As many as 20,000 Americans live with ALS, and 15 new cases are diagnosed in this country every day. A new HudsonAlpha Institute for Biotechnology project is just underway in collaboration with Crestwood ALS Care Clinic, a National ALS Association Treatment Center of Excellence in Huntsville.
In this project, HudsonAlpha scientists will conduct genomic sequencing and analysis of ALS patients to better understand the underlying cause of the disease. The project is funded through donations made to Impacting ALS, which is part of the HudsonAlpha Foundation’s Memory and Mobility Program.
ALS (amyotrophic lateral sclerosis), also known as Lou Gehrig’s disease, is a progressive neurodegenerative disease that affects nerve cells in the brain and the spinal cord.
Michelle Amaral, Ph.D., a senior scientist in the HudsonAlpha Myers Lab, is leading the project.
“Through genomic sequencing and analysis, we hope to identify genetic variants that contribute to ALS,” said Amaral. “We want to understand the mechanisms that cause the disease as well as the differences between sporadic and familial ALS. The ultimate goal is to discover biological targets that may be useful for the development of new treatments and therapeutics.”
Sherry Kolodziejczak, an occupational therapist and director of the Crestwood ALS Care Clinic/Cardiac Rehab/Therapy Services/Workers Program, said patients treated at the clinic report a higher quality of life and longer life expectancy.
“Our clinic manages each ALS patient case throughout the course of the illness. We have to prevent the crisis before they come, not when they get here, and that’s how we can prolong life and give good quality of life,” she said.
Led by co-medical directors David White, M.D., and Aruna Arora, M.D. (both neurologists), the Crestwood ALS Care Clinic is the only ALS Association Treatment Center of Excellence in Alabama. The Crestwood ALS Care Clinic is also a Northeast ALS Consortium (NEALS) site. The mission of NEALS is to rapidly translate scientific advances into clinical research and new treatments for people with ALS and motor neuron disease.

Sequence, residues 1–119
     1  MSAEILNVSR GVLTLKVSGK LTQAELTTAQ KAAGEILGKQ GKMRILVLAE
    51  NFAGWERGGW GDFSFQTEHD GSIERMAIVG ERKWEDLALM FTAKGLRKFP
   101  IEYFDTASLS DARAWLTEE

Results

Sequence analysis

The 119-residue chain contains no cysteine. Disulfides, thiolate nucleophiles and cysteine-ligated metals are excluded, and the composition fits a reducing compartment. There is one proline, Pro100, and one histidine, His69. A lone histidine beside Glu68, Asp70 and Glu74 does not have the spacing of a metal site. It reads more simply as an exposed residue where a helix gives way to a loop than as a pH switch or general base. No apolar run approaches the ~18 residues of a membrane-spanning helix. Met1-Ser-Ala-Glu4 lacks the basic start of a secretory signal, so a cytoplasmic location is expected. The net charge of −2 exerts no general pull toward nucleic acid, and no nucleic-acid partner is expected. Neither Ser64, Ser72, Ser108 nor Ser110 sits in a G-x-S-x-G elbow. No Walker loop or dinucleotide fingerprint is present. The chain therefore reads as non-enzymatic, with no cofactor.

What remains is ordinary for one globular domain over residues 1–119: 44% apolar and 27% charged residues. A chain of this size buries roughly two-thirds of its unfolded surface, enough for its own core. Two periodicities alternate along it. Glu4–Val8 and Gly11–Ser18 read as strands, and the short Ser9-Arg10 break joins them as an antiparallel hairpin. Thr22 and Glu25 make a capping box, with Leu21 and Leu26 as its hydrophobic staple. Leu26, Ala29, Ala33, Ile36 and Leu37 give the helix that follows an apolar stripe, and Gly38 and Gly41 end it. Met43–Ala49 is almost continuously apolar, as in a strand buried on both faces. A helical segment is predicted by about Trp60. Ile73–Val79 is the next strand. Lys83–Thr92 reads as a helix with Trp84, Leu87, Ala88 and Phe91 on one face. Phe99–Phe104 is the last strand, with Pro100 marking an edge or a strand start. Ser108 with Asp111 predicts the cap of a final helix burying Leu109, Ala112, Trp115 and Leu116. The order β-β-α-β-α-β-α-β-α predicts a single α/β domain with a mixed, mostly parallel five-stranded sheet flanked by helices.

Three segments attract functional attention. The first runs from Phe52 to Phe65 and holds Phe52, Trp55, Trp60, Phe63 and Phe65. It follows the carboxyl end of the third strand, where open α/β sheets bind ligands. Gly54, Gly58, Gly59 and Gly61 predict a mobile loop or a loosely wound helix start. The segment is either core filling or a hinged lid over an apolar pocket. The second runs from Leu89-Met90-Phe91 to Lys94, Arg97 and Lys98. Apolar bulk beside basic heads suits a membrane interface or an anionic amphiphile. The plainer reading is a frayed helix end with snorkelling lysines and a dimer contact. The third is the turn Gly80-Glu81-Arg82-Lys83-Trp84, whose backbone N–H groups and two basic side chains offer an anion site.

ALS patient Bryan Stone of Sylacauga, a NEALS ambassador for the Crestwood ALS Care Clinic, is happy to see that research is happening in Huntsville.
“It’s exciting to see the testing and the collaboration done here at home and that we can take part in it,” said Stone. “ALS has forced me into retirement and there are a lot of activities that I’m not able to do, but then again, it’s opened up other avenues for me to work with the ALS community and help others.”
“Crestwood ALS Clinic physicians and staff really go above and beyond to take care of patients,” said Pam Hudson, M.D., CEO of Crestwood Medical Center. “This hopefully will get to the cause of the disease so we don’t have to solely focus on the treatment.”
“HudsonAlpha collaborates with institutions all over the world. It is especially exciting to be working on a project like this in Huntsville,” said Rick Myers, Ph.D., HudsonAlpha president and science director, “so we appreciate Crestwood’s support and look forward to making even more advances in ALS.”
Additional donations are being accepted and will be used to enroll more patients who are battling ALS. Donations to Impacting ALS can be made at hudsonalpha.org/donate or to the HudsonAlpha Foundation at 601 Genome Way NW, Huntsville, AL 35806.